The career criminal, who was wanted in the random underground shooting by Goldman Sachs employee Daniel Enriquez last weekend, reported himself to police on Tuesday – after negotiations at a station house in Chinatown involving a pastor who appeared in a Rolls-Royce.
Andrew Abdullah, 25, had demanded that he be allowed to surrender to Mayor Eric Adams in the killing Sunday morning, but eventually sources surrendered after conversations in the 5th Precinct with between a lawyer and a Brooklyn bishop.
Abdullah had been on lamb since Sunday morning, shooting at the last carriage on the train.
Abdullah was initially identified as a person of interest in the random and unprovoked shooting by Enriquez, according to police sources, who now say he is suspected of the shooting. He is not formally charged.
Police said the gunman walked back and forth on the last carriage of the train before pulling a gun and shooting Enriquez once in the chest.
The victim was taken to Bellevue Hospital, where he was pronounced dead, police said.
In the wake of the senseless shooting, Enriquez’s family stormed City Hall over runaway violence in five neighborhoods and the Big Apple transit system.
“I wish you would go back to Mayor Adams and tell him the city is not safe,” the dead man’s sister, Griselda Vile, told The Post. “My brother just became a statistician on his way to town. He was shot at close range. “
Abdullah, who has made at least 19 arrests in more than a dozen incidents since 2015, fled Canal Street station after the shooting and had been the subject of a police chase.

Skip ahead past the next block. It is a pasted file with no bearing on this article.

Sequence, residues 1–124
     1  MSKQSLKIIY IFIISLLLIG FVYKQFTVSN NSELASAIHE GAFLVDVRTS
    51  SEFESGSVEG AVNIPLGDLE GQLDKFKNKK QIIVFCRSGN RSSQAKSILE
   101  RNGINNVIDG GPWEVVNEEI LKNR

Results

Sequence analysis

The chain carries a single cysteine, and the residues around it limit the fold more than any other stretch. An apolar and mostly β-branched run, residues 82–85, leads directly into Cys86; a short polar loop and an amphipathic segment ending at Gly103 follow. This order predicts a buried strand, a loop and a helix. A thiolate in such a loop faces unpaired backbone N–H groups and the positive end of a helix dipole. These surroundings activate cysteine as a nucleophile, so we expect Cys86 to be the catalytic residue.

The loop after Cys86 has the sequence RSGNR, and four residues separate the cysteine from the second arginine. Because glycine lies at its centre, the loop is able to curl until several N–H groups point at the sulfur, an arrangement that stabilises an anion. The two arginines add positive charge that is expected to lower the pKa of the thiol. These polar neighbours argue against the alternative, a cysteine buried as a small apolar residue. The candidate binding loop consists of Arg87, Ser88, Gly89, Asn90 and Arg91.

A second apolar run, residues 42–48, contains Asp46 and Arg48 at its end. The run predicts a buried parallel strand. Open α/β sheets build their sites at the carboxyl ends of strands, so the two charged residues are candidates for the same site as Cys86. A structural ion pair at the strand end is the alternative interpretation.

Enriquez’s live-in partner, Adam Pollack, told The Post Monday that Enriquez had only recently begun taking the subway to work due to a rise in Uber prices.
Pollack, 54, said his partner of 18 years typically traveled to his job at Goldman Sachs four days a week and liked to venture to Manhattan on Sundays for brunch and to shoot pool with friends at a local watering hole.
“He was going to brunch,” he said of Enriquez. “It’s just so random.”
Police released surveillance footage of the perpetrator after the shooting.
The killer fled after the incident at. 11:42 a.m. and handed over the murder weapon to a homeless man as he reached Center Street before running away.
Police said the homeless man then sold the weapon to another vagrant in exchange for $ 10 in crack cocaine – after which the man handed the gun to police.
On Tuesday, police said testing of that gun positively identified it as the weapon that killed Enriquez in the subway train.
Additional reporting by Reuven Fenton